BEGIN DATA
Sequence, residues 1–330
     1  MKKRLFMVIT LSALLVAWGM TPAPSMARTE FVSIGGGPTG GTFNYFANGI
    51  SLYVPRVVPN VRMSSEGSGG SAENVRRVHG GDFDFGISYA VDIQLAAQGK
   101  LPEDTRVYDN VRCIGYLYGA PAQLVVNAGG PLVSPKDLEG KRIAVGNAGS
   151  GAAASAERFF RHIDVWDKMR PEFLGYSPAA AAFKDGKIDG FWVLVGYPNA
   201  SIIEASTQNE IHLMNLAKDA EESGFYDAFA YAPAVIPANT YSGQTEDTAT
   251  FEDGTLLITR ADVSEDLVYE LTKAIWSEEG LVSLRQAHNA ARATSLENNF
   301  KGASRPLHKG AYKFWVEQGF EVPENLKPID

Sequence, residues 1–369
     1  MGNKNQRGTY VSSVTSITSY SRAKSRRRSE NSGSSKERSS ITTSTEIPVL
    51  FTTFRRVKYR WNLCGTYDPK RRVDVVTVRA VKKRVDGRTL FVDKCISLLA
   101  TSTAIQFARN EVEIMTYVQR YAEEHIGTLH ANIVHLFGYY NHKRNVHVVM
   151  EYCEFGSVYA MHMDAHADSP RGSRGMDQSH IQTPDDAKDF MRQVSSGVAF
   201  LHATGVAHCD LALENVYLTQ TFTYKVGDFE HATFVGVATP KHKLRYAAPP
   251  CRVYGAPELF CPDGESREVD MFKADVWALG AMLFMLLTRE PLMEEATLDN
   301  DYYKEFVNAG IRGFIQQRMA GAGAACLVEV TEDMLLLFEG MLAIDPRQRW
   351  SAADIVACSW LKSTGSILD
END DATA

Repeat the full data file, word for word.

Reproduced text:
Sequence, residues 1–330
     1  MKKRLFMVIT LSALLVAWGM TPAPSMARTE FVSIGGGPTG GTFNYFANGI
    51  SLYVPRVVPN VRMSSEGSGG SAENVRRVHG GDFDFGISYA VDIQLAAQGK
   101  LPEDTRVYDN VRCIGYLYGA PAQLVVNAGG PLVSPKDLEG KRIAVGNAGS
   151  GAAASAERFF RHIDVWDKMR PEFLGYSPAA AAFKDGKIDG FWVLVGYPNA
   201  SIIEASTQNE IHLMNLAKDA EESGFYDAFA YAPAVIPANT YSGQTEDTAT
   251  FEDGTLLITR ADVSEDLVYE LTKAIWSEEG LVSLRQAHNA ARATSLENNF
   301  KGASRPLHKG AYKFWVEQGF EVPENLKPID

Sequence, residues 1–369
     1  MGNKNQRGTY VSSVTSITSY SRAKSRRRSE NSGSSKERSS ITTSTEIPVL
    51  FTTFRRVKYR WNLCGTYDPK RRVDVVTVRA VKKRVDGRTL FVDKCISLLA
   101  TSTAIQFARN EVEIMTYVQR YAEEHIGTLH ANIVHLFGYY NHKRNVHVVM
   151  EYCEFGSVYA MHMDAHADSP RGSRGMDQSH IQTPDDAKDF MRQVSSGVAF
   201  LHATGVAHCD LALENVYLTQ TFTYKVGDFE HATFVGVATP KHKLRYAAPP
   251  CRVYGAPELF CPDGESREVD MFKADVWALG AMLFMLLTRE PLMEEATLDN
   301  DYYKEFVNAG IRGFIQQRMA GAGAACLVEV TEDMLLLFEG MLAIDPRQRW
   351  SAADIVACSW LKSTGSILD